The object is created by a single artisan or team of artisans. The craft-person works within an established cultural framework. Folk art has a recognizable style and method in crafting its pieces, which allows products to be recognized and attributed to a single individual or workshop. This was originally articulated by Alois Riegl in his study of Volkskunst, Hausfleiss, und Hausindustrie, published in 1894. "Riegl ... stressed that the individual hand and intentions of the artist were significant, even in folk creativity. To be sure, the artist may have been obliged by group expectations to work within the norms of transmitted forms and conventions, but individual creativity – which implied personal aesthetic choices and technical virtuosity – saved received or inherited traditions from stagnating and permitted them to be renewed in each generation." Individual innovation in the production process plays an important role in the continuance of these traditional forms. Many folk art traditions like quilting, ornamental picture framing, and decoy carving continue to be practiced, and new forms continue to emerge.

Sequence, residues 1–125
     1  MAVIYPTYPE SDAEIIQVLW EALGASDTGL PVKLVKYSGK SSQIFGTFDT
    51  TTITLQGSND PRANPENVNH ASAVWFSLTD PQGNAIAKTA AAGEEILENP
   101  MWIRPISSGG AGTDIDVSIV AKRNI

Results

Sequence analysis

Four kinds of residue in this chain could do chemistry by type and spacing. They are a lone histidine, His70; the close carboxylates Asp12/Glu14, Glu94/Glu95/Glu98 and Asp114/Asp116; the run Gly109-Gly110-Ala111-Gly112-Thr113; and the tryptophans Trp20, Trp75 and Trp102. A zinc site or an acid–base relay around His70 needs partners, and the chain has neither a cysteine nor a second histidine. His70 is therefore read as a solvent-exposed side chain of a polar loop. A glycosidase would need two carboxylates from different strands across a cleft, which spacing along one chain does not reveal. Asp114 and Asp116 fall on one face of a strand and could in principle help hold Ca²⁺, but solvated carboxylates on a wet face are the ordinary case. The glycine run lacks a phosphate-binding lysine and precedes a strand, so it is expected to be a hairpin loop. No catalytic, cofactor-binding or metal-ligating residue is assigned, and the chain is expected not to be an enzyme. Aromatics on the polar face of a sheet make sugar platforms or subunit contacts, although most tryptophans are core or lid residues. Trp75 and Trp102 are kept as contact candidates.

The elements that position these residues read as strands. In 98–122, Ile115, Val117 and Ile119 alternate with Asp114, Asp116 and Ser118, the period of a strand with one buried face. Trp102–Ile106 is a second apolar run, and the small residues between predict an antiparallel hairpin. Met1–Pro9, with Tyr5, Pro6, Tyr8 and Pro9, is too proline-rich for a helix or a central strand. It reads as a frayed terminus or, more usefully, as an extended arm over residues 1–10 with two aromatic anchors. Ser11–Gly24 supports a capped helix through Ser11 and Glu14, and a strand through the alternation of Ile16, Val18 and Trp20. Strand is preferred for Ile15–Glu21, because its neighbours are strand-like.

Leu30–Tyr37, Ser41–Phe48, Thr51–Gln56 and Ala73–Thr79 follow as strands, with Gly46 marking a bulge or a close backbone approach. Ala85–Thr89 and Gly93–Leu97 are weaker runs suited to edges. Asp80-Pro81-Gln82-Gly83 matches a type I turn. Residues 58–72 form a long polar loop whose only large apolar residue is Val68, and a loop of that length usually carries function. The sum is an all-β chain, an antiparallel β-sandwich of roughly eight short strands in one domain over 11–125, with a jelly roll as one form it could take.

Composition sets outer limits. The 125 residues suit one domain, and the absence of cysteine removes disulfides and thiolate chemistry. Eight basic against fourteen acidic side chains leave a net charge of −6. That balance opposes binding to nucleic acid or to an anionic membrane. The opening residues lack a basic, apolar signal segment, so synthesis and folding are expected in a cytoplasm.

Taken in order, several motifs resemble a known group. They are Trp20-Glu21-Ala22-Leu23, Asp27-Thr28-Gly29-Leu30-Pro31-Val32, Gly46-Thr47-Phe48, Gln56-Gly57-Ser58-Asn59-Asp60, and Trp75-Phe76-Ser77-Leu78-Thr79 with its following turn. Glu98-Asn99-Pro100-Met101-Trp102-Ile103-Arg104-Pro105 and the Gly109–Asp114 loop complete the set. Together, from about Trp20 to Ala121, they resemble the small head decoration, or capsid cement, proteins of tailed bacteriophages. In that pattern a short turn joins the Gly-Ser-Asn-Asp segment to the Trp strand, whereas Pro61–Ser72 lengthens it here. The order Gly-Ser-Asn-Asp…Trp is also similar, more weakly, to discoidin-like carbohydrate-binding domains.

A handicraft, sometimes more precisely expressed as artisanal handicraft or handmade, is any of a wide variety of types of work where useful and decorative objects are made completely by one’s hand or by using only simple, non-automated related tools like scissors, carving implements, or hooks. It is a traditional main sector of craft making and applies to a wide range of creative and design activities that are related to making things with one's hands and skill, including work with textiles, moldable and rigid materials, paper, plant fibers, clay, etc. One of the oldest handicrafts is Dokra; this is a sort of metal casting that has been used in India for over 4,000 years and is still used. In Iranian Baluchistan, women still make redware hand-made pottery with dotted ornaments much similar to the 5000-year-old pottery tradition of Kalpurgan, an archaeological site near the village. Usually, the term is applied to traditional techniques of creating items (whether for personal use or as products) that are both practical and aesthetic. Handicraft industries are those that produce things with hands to meet the needs of the people in their locality without using machines
Precisely, all folk art may be (but not necessarily) handicrafts and vice versa.